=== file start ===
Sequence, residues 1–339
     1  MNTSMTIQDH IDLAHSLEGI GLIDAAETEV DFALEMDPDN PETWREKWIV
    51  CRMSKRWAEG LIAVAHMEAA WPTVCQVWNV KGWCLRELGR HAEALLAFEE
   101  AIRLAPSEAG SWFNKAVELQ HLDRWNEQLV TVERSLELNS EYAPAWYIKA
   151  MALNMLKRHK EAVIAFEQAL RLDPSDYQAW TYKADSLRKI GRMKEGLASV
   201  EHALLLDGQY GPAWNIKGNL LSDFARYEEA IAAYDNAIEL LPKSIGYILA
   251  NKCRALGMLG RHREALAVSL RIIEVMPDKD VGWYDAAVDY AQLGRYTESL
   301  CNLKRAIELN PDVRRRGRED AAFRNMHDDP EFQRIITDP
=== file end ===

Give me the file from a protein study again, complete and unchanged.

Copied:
Sequence, residues 1–339
     1  MNTSMTIQDH IDLAHSLEGI GLIDAAETEV DFALEMDPDN PETWREKWIV
    51  CRMSKRWAEG LIAVAHMEAA WPTVCQVWNV KGWCLRELGR HAEALLAFEE
   101  AIRLAPSEAG SWFNKAVELQ HLDRWNEQLV TVERSLELNS EYAPAWYIKA
   151  MALNMLKRHK EAVIAFEQAL RLDPSDYQAW TYKADSLRKI GRMKEGLASV
   201  EHALLLDGQY GPAWNIKGNL LSDFARYEEA IAAYDNAIEL LPKSIGYILA
   251  NKCRALGMLG RHREALAVSL RIIEVMPDKD VGWYDAAVDY AQLGRYTESL
   301  CNLKRAIELN PDVRRRGRED AAFRNMHDDP EFQRIITDP